Sorry to get all male here, but technically you can’t really fail the LSAT.  However, I must give her credit for claiming that she did.  Bold pronouncements of how to succeed even when failing would earn the respect of any man.  As scripted and familiar as a comment like this sounds, men respond to it.  Proclaiming your failures as the secret to your success?  That’s practically man-poetry.  Perhaps she had a strong-willed and influential man in her life who taught her the value of braggadocio, or maybe she’s just watched her fair share of business media fluff features on CEOs.  No matter…That’s the kind of stuff that that will earn you some respect in the Man’s World.

Hey, Guys!  Let’s hear it for Sara!!!  Look for Manx, In Stores Now…

The Family Business – Planning for Success and Succession

In the United States we have a sometimes unhealthy obsession with things like competition or taxes, sometimes making bad business decisions based what we mistakenly believe are good reasons.  It should come as no surprise that our country has an enormous market for estate planning services that includes a number of interconnected niches, segments and industries spanning financial advisory, wealth management, estate planning and asset preservation, just to name a few.  Passing along assets is pretty simple, but passing along a working business is not just complex, it’s hard to do successfully.  When you’ve worked hard and long to build your business, profession and reputation, how do you “keep it in the family”?

Is Estate Planning Enough for Family Business?

Estate planning is typically driven by the understandable wish to pass along wealth to future generations and to do so equitably among sons, daughters and even others who may be part of the extended family.   Those desires can come into conflict or even take on motivations that are deeply emotional, but not always rational.   A common example is the driving preoccupation to keep family wealth out of the hands of others, sometimes from your competitors, but just as often from the taxman.

Another example arises when deciding who is best suited to carry the mantle and maintain the family business.  Grooming someone into (or moving them out of) the family business doesn’t guarantee future success, and involves hard choices that can lead to difficult expectations, bruised feelings and even estrangement.  A well-planned estate does pass wealth to future generations in the form of assets, but also comes with its share of the, burdens, liabilities and responsibilities associated with that wealth, particularly when a family business is involved.  In today’s world it’s an unfortunate reality that many sons and daughters simply don’t want to do as their fathers and mothers have done, and have the choice (for better or worse) to go their own way – to leave the family business.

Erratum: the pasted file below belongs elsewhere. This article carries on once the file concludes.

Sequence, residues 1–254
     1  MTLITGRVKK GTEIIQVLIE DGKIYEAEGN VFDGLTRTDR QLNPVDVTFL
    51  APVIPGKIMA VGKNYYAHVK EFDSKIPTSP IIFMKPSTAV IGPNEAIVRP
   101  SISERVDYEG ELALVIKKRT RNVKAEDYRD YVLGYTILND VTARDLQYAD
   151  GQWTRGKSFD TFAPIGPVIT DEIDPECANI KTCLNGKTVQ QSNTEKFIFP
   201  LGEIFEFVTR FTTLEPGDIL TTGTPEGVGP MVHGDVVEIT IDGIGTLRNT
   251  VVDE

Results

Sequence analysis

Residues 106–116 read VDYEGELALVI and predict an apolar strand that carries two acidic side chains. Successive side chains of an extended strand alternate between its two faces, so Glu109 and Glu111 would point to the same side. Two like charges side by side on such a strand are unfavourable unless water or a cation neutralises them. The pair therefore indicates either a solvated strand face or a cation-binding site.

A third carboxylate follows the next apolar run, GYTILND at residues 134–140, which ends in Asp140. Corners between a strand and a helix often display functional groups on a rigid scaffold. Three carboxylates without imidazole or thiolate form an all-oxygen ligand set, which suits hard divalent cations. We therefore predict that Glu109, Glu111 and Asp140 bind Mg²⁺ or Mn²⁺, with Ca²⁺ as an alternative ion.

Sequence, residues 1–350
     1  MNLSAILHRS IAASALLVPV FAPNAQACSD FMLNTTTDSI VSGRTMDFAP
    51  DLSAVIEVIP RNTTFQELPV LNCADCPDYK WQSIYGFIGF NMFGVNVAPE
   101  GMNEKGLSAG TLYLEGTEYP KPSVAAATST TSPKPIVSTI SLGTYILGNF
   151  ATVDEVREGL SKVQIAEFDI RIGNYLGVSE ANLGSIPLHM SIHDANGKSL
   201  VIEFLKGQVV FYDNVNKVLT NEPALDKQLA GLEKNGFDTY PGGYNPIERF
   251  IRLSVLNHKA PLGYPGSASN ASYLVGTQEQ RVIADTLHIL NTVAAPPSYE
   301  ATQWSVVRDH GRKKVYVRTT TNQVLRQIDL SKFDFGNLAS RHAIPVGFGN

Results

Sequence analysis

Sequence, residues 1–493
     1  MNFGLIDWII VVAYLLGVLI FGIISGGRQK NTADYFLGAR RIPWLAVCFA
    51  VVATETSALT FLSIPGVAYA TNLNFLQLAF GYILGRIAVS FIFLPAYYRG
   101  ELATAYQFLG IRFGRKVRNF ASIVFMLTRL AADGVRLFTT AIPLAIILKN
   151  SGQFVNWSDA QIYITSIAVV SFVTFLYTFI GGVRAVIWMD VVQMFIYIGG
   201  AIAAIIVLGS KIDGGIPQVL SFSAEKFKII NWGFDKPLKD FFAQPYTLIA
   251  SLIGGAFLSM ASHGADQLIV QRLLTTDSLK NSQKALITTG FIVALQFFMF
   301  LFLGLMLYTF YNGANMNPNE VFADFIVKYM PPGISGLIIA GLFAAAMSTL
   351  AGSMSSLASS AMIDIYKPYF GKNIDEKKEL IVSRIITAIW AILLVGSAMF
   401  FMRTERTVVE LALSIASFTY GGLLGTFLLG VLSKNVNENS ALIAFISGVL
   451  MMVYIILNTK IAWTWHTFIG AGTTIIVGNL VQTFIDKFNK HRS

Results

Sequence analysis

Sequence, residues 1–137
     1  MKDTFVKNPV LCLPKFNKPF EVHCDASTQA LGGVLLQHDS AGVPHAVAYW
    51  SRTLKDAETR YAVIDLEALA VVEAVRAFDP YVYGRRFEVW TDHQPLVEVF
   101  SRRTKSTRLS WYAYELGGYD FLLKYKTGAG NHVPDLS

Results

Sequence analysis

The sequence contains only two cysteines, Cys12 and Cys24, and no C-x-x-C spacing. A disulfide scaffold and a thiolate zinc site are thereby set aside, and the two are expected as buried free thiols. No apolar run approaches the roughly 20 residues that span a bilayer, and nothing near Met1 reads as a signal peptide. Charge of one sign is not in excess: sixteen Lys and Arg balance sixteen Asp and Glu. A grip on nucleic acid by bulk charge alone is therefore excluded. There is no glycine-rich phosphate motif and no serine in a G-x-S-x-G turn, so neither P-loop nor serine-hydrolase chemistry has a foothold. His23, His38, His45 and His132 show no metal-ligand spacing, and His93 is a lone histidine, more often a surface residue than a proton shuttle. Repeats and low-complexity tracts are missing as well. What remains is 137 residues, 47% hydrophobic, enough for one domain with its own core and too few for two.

Nobody wants to see their life’s work come to an end.  There are many euphemisms to describe the myriad of ways a family business can decline if not properly transferred to the next generation (“A slow death”, “Being run into the ground”, “Died on the vine”).  No matter how poetic the phrase may sound, the risk of failing to pass along a family business is an outcome people desperately seek to avoid, and fears of that possibility drive the booming industry of estate planning and business succession.

However, there is a distinction between business success and business succession that’s worth considering.  Before seeking the guidance of outside professionals or advisors, talk within the family to be sure to take account of exactly what makes your family business successful.

Success and Succession

My father was in a visible and successful business that I romanticized.  He was well-known and widely respected in our community, so much so that it was hard to go places without people recognizing him and openly expressing their admiration.  At times we’d proudly bask in the attention of our father’s celebrity, and other times we’d get a little annoyed at having to share his time and attention with seemingly countless strangers, many of whom would recognize his familiar and popular persona in the faces, features or mannerisms of his kids, even when he wasn’t with us.

Our parents provided for us materially and with a sound education.  Not just the best available education, but the kind that makes us blush when we think of how much privilege and advantage we had over so many others less fortunate. Like most people, when I decided to go to college I didn’t exactly know what I wanted to do, but I expected to achieve the success that a good education offers.  That expectation of future opportunity is the one sense of entitlement that I’m not ashamed to admit to.  I think everyone should have it.